Suggested language for a Letter of Warning may be as follows:

“Your conduct on this occasion was unacceptable and will not be tolerated by this District. If you engage in similar conduct in the future, the District may take adverse action against you based on the incidents cited in this memorandum, as well as any future incidents.”

This language properly warns employees before you take an adverse action and does not impose a penalty on an employee more than once for the same incident. This language should be used in instances where you previously had counseled the employee and set a time within which to improve but the problem still has not been resolved.


An employee technically does not have a right to representation during the corrective phase or during routine business communications unless formal adverse action is a possibility. However, your organization should allow a representative to be present if the employee requests it. The following communications are considered informal actions and are part of the preventative and corrective phases of the progressive discipline process: routine business discussions, performance evaluations, training discussions, job-related counseling, career development discussions, a corrective interview, and preventive or corrective actions (includes Letter of Warning).

If, however, during any of these communications, you receive information that may lead to formal adverse action or rejection during probation, the employee has a right to representation. You are required to inform the employee of his right to representation and must postpone your meeting/discussion if representation is requested and cannot be available at your originally scheduled meeting. I have found it is much easier to let another person be present if the employee wants it. If you are doing your job, you have nothing to hide. Remember, common sense should prevail. If you are counseling a firefighter for the first time about deficiencies when cleaning the ambulance after a call, I would be shocked if the firefighter requests representation. Conversely, if you are counseling a firefighter for the second time about inappropriate comments to a firefighter of the opposite sex, you should probably inform the firefighter that this behavior could result in future adverse action if it is not stopped, and he might want representation.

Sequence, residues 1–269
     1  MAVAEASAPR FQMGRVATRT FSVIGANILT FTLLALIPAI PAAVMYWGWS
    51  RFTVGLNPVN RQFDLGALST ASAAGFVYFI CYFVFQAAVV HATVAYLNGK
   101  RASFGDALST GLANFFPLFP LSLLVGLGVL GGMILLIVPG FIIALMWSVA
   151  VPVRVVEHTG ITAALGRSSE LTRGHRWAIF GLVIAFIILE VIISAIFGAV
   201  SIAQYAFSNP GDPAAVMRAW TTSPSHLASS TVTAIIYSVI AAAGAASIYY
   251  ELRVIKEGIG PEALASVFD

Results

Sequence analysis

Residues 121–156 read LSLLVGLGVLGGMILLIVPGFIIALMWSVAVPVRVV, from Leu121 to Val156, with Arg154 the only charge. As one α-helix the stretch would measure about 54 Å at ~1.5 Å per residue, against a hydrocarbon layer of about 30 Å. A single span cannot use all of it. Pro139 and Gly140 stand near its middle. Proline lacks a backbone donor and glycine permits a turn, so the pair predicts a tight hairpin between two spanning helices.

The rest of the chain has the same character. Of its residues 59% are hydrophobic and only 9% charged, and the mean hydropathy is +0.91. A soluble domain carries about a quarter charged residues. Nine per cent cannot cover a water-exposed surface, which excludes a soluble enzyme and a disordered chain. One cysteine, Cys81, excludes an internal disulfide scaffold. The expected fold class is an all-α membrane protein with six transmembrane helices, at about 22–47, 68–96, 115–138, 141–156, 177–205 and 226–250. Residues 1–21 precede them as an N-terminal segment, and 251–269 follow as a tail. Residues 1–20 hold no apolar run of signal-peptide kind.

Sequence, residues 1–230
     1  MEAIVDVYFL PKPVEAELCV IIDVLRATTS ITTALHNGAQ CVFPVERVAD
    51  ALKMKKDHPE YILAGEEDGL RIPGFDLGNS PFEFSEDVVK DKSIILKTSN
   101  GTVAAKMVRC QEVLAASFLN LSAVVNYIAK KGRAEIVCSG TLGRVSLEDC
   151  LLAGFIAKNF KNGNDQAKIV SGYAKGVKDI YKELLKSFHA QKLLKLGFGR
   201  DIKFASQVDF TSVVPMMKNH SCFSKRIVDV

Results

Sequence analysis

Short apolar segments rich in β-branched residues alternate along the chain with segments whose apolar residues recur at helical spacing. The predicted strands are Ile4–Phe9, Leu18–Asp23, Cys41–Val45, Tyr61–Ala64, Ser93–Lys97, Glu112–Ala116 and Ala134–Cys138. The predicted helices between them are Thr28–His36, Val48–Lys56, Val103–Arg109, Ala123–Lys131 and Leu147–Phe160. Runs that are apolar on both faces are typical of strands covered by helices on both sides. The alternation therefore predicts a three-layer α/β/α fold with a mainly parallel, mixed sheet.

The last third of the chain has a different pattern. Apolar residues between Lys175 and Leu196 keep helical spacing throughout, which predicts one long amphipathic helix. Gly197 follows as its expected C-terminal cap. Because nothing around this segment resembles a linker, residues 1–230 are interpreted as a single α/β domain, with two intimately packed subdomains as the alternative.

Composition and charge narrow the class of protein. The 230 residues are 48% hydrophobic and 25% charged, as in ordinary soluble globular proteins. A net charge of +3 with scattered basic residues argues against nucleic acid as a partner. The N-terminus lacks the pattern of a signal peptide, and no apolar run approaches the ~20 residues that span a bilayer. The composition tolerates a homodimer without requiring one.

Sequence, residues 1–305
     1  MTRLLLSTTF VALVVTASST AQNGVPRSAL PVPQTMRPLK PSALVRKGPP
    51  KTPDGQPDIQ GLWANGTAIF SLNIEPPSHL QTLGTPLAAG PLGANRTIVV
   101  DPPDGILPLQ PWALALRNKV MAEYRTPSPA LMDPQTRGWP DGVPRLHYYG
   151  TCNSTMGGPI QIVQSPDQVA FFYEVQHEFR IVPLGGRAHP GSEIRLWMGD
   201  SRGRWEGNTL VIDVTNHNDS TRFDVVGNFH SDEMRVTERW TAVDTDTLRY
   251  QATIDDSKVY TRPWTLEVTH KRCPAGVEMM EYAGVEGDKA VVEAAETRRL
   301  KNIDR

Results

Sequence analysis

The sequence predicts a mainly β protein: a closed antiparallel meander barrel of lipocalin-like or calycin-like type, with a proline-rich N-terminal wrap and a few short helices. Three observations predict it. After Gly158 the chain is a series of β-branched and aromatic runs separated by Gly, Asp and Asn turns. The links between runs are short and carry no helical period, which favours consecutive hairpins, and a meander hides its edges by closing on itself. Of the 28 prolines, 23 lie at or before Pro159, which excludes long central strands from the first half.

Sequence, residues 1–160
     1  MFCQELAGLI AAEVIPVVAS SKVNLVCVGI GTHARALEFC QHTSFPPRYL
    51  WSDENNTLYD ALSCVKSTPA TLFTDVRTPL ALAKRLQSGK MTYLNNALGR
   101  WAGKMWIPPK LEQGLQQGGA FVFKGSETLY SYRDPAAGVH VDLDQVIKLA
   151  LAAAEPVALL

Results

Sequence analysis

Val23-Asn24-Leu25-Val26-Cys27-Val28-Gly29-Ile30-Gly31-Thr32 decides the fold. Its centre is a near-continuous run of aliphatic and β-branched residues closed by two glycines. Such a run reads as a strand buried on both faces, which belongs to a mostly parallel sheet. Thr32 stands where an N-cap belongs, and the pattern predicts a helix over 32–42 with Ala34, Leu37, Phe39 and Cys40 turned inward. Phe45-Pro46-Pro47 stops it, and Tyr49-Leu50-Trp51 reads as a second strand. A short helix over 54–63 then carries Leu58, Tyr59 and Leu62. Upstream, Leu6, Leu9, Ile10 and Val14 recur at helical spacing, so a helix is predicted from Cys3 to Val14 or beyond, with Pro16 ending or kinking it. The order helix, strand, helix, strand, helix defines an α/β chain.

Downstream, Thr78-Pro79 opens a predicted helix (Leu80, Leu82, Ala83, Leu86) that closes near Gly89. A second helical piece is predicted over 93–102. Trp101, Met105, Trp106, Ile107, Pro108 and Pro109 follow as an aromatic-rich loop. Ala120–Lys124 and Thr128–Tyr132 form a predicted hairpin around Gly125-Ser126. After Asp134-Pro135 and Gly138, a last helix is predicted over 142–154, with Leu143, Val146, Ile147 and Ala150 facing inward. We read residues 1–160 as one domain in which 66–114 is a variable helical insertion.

Employees are entitled to representation during meetings with a supervisor or other agent(s) acting on behalf of your organization any time the employee is expected or required to respond to questions and the employee has reason to believe that he may be disciplined for the answers given or for refusal to answer. The key component here is responding to questions. If you are counseling a person about cleaning, you are probably not going to ask questions except for those such as inquiring if the employee is all right. This can be compared to the Miranda Warning: If you are asking the employee questions to build a case, then let him know he has the right to representation. I have found that if I get to the Letter of Warning level, odds are that there is the potential for future adverse action if the employee doesn’t cut it out, so be aware of that potential. Trust human nature and, in this case, hope for the best, but plan for the worst.